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Build Back Better

USDA is investing up to $1 billion, including $500 million in American Rescue Plan funding, in The Emergency Food Assistance Program (TEFAP) to support and expand the emergency food network so states, food banks and local organizations can reliably serve their communities.



This effort is funded through the American Rescue Plan Act and the Consolidated Appropriations Act and includes:



$500 Million

To Support Emergency Food Assistance
 

Up to $400 Million

To Support Local, Regional, and Socially Disadvantaged Farmers
 

Up to $100 Million

In Infrastructure Grants to Build Capacity for Food Banks and Expand Reach into Underserved Areas






The Build Back Better Initiative will strengthen and transform critical parts of the U.S. food system.




Strengthening the Food System

Citing lessons learned from the COVID-19 pandemic and recent supply chain disruptions, the U.S. Department of Agriculture (USDA) today announced plans to invest more than $4 billion to strengthen critical supply chains through the Build Back Better initiative. The new effort will strengthen the food system, create new market opportunities, tackle the climate crisis, help communities that have been left behind, and support good-paying jobs throughout the supply chain. Today’s announcement supports the Biden Administration’s broader work on strengthening the resilience of critical supply chains as directed by Executive Order 14017 America's Supply Chains. Funding is provided by the American Rescue Plan Act and earlier pandemic assistance such as the Consolidated Appropriations Act of 2021.


  • Food production relies on growers, including farmers and ranchers, workers, and critical inputs. But a diminishing share of the food dollar goes to these essential workers.

    USDA will invest in the current and future generation of food producers and workers throughout the food system with direct assistance, grants, training and technical assistance, and more.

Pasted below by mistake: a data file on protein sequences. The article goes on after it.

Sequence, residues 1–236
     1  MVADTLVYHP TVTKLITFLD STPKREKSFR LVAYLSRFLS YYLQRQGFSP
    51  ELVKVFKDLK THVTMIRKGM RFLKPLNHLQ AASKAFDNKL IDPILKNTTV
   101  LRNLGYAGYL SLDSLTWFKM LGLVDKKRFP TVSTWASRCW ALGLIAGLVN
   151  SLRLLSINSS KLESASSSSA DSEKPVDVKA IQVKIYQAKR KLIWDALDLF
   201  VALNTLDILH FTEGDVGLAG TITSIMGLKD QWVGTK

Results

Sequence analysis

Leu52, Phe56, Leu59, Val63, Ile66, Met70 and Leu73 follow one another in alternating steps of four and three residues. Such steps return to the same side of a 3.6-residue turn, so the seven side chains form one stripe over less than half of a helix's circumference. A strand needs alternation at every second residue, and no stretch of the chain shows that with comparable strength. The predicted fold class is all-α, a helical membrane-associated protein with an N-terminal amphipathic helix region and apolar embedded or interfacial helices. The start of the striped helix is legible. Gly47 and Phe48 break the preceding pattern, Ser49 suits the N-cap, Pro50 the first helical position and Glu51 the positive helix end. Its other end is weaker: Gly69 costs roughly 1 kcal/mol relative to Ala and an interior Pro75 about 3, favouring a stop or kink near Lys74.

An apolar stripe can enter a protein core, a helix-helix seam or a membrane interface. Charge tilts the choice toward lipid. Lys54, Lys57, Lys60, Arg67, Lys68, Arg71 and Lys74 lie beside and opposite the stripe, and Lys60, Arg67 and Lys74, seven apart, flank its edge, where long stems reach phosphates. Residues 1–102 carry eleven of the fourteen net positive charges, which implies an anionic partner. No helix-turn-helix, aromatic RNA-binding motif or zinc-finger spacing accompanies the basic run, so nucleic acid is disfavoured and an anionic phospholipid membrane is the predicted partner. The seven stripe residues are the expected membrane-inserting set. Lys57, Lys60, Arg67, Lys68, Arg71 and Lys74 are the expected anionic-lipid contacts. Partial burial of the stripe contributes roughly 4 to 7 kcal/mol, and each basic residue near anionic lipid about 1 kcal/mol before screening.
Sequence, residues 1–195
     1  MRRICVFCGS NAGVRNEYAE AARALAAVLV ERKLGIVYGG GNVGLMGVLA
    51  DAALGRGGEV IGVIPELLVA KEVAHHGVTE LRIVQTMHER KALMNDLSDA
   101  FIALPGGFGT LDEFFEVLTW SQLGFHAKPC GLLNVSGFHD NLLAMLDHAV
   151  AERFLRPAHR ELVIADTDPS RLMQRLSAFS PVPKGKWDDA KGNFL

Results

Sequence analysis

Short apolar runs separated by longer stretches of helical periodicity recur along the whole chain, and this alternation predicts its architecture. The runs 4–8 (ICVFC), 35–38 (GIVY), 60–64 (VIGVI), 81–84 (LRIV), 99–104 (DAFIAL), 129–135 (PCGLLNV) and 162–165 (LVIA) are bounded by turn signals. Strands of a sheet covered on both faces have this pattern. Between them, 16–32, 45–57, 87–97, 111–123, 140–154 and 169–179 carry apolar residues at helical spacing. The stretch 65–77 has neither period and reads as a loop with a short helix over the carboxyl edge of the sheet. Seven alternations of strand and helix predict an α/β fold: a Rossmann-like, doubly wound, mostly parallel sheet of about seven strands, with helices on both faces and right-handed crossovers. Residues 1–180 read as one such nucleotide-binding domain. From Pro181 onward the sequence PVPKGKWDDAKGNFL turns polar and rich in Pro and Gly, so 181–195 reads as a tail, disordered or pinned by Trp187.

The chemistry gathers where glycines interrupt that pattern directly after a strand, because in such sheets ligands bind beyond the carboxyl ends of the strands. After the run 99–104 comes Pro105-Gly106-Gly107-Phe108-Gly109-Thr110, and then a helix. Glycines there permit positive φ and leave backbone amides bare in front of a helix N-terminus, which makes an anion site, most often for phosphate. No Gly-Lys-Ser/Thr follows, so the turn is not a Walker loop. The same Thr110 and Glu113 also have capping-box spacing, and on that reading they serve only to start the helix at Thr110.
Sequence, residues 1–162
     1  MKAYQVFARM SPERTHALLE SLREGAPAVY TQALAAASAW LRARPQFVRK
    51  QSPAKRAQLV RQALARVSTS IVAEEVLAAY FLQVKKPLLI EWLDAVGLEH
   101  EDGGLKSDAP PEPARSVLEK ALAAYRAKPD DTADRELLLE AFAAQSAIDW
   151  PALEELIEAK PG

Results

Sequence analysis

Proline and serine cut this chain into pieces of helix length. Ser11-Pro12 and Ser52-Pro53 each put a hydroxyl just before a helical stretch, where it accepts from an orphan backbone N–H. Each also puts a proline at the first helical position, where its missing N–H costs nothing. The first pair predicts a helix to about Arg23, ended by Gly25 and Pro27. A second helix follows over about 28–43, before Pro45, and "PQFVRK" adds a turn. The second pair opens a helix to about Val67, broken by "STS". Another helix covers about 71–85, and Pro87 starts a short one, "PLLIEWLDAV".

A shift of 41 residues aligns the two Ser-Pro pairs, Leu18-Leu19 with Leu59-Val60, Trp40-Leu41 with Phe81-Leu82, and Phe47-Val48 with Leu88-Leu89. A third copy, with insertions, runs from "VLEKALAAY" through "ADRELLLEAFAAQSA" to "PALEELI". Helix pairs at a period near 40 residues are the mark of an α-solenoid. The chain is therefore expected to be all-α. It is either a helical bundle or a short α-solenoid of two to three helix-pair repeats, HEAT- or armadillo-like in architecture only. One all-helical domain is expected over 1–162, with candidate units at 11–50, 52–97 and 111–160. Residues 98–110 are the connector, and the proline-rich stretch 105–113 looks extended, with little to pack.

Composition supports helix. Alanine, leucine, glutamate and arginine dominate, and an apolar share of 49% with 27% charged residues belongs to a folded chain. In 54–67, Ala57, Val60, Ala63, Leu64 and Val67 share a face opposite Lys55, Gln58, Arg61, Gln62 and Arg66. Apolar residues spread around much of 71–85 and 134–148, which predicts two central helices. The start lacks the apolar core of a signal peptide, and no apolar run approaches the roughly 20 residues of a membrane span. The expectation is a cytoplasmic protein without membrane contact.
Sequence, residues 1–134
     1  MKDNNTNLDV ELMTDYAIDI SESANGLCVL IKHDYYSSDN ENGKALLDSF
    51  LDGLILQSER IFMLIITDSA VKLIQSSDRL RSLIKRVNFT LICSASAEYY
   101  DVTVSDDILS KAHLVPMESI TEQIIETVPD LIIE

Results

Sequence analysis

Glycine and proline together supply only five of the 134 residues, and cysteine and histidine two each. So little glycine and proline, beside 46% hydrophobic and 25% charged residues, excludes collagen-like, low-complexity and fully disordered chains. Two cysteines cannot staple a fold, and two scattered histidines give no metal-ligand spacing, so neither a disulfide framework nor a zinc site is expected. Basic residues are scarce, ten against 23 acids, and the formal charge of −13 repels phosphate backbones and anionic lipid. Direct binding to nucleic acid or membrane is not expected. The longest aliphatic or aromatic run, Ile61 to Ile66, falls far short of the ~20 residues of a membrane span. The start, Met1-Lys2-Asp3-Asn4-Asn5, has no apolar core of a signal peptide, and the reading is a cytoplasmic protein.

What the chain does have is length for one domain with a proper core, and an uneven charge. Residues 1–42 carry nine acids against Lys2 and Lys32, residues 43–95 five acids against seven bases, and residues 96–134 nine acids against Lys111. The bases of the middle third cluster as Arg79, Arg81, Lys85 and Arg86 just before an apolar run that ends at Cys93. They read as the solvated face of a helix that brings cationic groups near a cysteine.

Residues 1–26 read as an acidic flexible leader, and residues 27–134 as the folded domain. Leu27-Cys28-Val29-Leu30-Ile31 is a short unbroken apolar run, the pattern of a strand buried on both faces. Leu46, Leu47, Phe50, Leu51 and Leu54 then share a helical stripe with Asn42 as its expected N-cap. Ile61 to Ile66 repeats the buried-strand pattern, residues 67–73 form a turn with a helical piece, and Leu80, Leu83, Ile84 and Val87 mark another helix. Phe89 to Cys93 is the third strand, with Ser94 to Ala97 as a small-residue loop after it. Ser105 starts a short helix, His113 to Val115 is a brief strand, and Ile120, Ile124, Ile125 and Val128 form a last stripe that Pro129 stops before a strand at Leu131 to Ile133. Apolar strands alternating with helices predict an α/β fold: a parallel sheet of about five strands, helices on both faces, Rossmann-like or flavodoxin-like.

• The pandemic highlighted challenges with consolidated processing capacity. It created supply bottlenecks, which led to a drop in effective plant and slaughter capacity.

    Small and midsize farmers often struggled to compete for processing access. USDA will make investments to support new and expanded regional processing capacity.

  • Food aggregation and distribution relies on people working together throughout the food system and having the right infrastructure to gather, move and hold the food where and when it is needed.

    This system was stressed during the pandemic due to long shipping distances and lack of investment in local and regional capacity. USDA will make investments in food system infrastructure that can remain resilient, flexible and responsive.

  • The U.S. spends more on health care and less on food than any other high-income nation; yet the U.S. has higher rates of diet-related illness and a lower life expectancy than those nations.

    At the same time, many socially disadvantaged and small and mid-sized producers do not have equitable access to markets. USDA will support new and expanded access to markets for a diversity of growers while helping eaters access healthy foods.





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